By Beting Laygo Dolor
The Duterte administration is not letting the delayed passage of the 2019 national budget prevent it from attaining its economic goals.
This year’s budget was not signed into law by President Rodrigo Duterte until April, or four months late. By then, the ban on infrastructure projects spending because of the May elections had kicked in.
This means that for the first half of 2019, the government was operating on the previous year’s re-enacted budget, which did not yet have the massive sums set aside for the administration’s “Build, Build, Build” infrastructure program.
The Duterte government must, therefore, play catch-up on its spending if it is to attain the economic growth projected for this year.
This is precisely what the administration has in mind. After the government had under-spent by PHP1 billion a day prior to the signing of the budget. With the biggest projects lying idle, the country’s growth slumped in the first and second quarters of this year, by 5.26 percent and 5.5 percent, respectively.
Last week, the Senate finance committee said it will zero in on the government’s spending catch-up after a briefing was held by the Development Budget Coordinating Committee, made up of the Department of Budget and Management (DBM), National Economic and Development Authority (NEDA), Department of Finance, and the Bangko Sentral ng Pilipinas.
While the catch-up plan was announced in July, it was only in August that it was actually implemented.
The Treasury reported last week that government spending began to pick up at the onset of the second semester by 3.43 percent.
NEDA Sec. Ernesto Pernia said, “The marching order of the President, and which we agree, is we really have to speed up government spending on infrastructure so that we can catch up to the extent of raising the growth rate.”
Since the target for 2019 is 6.7 percent growth in Gross Domestic Product (GDP), the NEDA chief said the economy must expand by 6.4 percent from July to December.
Finance Sec. Carlos Dominguez said infrastructure spending in the second half of the year should propel the economy to the targeted growth rate.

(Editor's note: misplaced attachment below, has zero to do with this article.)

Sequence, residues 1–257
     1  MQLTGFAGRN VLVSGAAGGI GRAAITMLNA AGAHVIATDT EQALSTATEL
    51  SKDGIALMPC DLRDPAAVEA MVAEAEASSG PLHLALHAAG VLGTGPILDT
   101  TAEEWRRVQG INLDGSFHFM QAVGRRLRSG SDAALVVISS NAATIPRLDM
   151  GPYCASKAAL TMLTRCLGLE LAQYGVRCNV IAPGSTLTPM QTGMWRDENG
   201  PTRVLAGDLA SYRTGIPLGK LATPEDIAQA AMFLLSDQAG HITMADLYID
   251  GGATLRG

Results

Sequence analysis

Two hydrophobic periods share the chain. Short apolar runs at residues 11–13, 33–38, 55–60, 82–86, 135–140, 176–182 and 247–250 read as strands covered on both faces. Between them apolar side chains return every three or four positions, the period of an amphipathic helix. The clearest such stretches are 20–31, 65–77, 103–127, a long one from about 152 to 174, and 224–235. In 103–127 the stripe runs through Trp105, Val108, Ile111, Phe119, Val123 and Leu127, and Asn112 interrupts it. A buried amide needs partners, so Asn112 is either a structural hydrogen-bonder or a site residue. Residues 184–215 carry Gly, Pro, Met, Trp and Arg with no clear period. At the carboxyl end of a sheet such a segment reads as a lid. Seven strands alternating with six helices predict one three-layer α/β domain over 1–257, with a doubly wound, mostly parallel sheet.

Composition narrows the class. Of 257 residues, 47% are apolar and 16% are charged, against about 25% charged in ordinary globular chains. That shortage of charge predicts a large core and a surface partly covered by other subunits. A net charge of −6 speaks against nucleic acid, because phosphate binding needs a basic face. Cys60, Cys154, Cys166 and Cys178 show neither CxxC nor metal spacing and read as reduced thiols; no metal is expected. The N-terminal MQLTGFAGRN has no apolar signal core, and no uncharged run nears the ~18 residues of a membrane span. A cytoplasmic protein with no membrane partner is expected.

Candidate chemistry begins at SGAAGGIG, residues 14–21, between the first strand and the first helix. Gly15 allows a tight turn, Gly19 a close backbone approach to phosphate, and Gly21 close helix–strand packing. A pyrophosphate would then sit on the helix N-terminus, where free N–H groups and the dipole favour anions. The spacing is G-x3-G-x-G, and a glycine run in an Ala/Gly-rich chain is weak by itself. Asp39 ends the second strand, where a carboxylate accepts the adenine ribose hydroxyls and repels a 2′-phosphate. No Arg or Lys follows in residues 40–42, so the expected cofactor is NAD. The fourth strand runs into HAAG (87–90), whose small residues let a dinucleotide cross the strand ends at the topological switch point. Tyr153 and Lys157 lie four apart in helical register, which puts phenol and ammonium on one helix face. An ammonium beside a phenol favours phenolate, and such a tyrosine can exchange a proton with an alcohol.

“In infrastructure – with its multiplier effect on growth – the bulk of the disbursements in the year’s second semester is expected to keep economic expansion on a higher plane, barring obstacles such as erratic weather disturbances,” said Dominguez.
Dominguez added that he was confident that the government could carry out the catch-up spending plan, even as they were keeping an eye on risks that could slow down the growth, notably the ongoing US-China tariff war.
The private sector was not as optimistic on the administration hitting its targets, including cutting the national poverty rate in half by 2022. This, after the Philippine Statistics Authority reported the weak GDP growth for the first semester of the year.
Whether valid or not, the reason given by the Duterte administration that the growth target for 2019 was upset by the budget delay should not be repeated next year.
Pernia warned that a repeat of the re-enacted 2019 budget for 2020 would definitely result in a further slowing down of the economy. What would happen is that “we would have regressing economic growth performance, probably below five percent” for next year.
Because of this, House leaders from both the administration and the opposition promised that the General Appropriations Act for 2020 would be ready way before the end of this year.
Marathon session will be held until the end of this month in order to finish all budget deliberations, according to House majority leader Ferdinand Romualdez.
The 2019 budget had been delayed due to disagreements between the Senate and the House Representatives over the latter’s alleged “insertions” in proposed spending.